Commercial travel is the most popular way for Americans to traverse the world, although it may not be the most comfortable. A TripAdvisor poll found that comfortable seating is one of the most important factors for 30% of Americans. There is nothing worse than the cramped leg room, uncomfortable material, and lack of support for those who have had to endure extended flights.
The Wear and Tear of Flight
Airplane seating needs to be durable as they cannot easily be repaired or replaced. Since most planes make several trips per day and carry a combined average of 8 million people across the globe every day; because of this need for durability, comfort is often sacrificed as fabrics would typically be too weak at the seams due to stitching. Even the seat belts need to be tougher on an air plane as they can lose up to 6% of their strength with a single twist — continued twisting can cut the durability of a seat belt down by 40%. While it would seem that comfort is simply unattainable for those of us stuck in coach, in reality the fabrication industry has already developed a technique that can replace stitching to produce stronger bonds.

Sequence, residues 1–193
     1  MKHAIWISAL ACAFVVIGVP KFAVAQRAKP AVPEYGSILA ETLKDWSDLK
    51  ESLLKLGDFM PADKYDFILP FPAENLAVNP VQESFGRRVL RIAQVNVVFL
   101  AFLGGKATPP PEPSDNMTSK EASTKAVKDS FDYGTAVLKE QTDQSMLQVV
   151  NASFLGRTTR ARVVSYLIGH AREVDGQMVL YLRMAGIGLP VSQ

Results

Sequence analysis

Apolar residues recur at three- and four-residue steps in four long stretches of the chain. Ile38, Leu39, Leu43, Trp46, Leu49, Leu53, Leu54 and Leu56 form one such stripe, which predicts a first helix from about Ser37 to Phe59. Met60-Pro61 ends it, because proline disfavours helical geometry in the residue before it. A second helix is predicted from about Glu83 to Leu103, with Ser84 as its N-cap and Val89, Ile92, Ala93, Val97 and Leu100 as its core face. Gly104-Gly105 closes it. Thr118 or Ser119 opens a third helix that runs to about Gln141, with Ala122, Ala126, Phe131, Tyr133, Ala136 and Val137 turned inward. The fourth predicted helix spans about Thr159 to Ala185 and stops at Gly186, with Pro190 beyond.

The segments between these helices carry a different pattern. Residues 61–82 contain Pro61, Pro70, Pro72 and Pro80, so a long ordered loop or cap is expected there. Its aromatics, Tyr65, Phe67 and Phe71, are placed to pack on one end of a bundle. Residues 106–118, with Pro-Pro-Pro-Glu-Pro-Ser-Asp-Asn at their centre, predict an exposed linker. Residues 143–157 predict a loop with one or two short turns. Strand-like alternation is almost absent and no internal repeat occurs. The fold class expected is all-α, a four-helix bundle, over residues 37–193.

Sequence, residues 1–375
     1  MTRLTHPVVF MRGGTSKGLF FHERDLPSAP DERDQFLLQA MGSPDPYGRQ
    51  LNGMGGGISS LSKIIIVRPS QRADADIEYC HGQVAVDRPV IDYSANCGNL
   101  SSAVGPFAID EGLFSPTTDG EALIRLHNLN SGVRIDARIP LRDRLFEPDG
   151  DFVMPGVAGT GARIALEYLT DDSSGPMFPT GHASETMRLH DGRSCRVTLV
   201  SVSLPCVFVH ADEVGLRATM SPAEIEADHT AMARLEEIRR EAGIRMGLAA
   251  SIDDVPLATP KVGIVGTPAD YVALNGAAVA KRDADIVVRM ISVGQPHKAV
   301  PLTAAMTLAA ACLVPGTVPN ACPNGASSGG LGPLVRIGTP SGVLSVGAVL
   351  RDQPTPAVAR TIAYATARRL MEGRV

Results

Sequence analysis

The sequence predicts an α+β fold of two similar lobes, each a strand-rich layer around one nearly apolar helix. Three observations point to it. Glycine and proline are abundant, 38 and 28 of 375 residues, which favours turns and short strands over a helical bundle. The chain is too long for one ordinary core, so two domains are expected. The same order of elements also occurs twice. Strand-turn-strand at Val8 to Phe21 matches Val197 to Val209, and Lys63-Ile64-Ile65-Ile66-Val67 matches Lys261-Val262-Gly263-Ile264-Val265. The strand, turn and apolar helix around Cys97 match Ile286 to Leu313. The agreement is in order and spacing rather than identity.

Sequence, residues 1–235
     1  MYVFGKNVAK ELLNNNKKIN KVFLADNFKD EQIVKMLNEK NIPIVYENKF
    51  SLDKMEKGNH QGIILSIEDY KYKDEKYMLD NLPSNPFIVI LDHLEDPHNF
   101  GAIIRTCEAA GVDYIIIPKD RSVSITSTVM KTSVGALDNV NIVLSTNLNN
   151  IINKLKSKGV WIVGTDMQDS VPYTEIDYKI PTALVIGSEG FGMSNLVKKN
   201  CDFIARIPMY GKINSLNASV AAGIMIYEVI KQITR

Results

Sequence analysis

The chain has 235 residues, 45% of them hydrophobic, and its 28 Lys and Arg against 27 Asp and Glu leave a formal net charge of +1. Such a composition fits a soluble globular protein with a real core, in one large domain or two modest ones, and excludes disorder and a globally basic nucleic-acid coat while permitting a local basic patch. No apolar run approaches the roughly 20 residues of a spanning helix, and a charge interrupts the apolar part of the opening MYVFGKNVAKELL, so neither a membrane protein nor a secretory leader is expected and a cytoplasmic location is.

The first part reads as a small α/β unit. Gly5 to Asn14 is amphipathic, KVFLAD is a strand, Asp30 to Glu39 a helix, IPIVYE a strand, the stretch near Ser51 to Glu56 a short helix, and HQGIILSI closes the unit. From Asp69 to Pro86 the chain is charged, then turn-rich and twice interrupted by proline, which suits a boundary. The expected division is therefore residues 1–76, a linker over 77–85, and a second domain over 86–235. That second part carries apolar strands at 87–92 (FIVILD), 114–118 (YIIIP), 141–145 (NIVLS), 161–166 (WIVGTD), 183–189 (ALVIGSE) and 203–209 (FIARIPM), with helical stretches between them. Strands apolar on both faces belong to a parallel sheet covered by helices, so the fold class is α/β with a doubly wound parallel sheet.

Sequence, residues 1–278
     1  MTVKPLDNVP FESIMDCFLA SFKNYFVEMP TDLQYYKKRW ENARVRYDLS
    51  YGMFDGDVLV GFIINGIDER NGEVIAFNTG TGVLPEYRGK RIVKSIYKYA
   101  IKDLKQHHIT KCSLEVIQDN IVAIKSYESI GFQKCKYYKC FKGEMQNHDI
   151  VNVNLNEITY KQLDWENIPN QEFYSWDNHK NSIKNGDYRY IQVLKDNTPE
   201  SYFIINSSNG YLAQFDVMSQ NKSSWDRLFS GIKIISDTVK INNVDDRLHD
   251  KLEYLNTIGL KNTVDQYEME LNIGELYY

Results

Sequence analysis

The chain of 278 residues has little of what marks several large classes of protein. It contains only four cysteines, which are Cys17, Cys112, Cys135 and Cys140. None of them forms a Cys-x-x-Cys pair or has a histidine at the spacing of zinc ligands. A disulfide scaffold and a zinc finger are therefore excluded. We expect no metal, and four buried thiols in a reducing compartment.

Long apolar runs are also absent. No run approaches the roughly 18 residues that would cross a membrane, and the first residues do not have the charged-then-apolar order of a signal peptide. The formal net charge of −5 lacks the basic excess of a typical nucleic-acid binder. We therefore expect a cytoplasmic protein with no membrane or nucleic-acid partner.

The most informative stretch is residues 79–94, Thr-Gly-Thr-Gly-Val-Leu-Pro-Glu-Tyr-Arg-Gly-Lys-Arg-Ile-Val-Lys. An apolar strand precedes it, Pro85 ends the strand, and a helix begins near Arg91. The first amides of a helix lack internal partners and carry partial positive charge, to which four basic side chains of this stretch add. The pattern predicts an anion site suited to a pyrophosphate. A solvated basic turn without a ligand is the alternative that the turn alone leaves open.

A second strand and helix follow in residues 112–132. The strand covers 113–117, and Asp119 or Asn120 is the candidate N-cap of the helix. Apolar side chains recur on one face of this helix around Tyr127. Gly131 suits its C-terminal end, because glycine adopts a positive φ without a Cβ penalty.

Sewing at the Molecular Level
While welding is typically used for metals, there are innovative processes that allow materials like vinyl-based fabrics, polyurethane, and PVC plastics to be welded together just as easily as metal welding allows. One such process, radio frequency welding (RF welding) uses high frequency electromagnetic waves to heat and weld materials that are held in place on a table using custom made dies. The vibrations of the radio waves actually heat the material, causing a strong and durable bond. Many industrial sewing companies that produce textiles for hospitals, airlines, and automobiles use RF welding fabrication to provide superior bonds that last longer than traditional stitching. Though it sounds modern, industrial sewing techniques like RF welding have been around since the 1940s continue to advance the industry even today.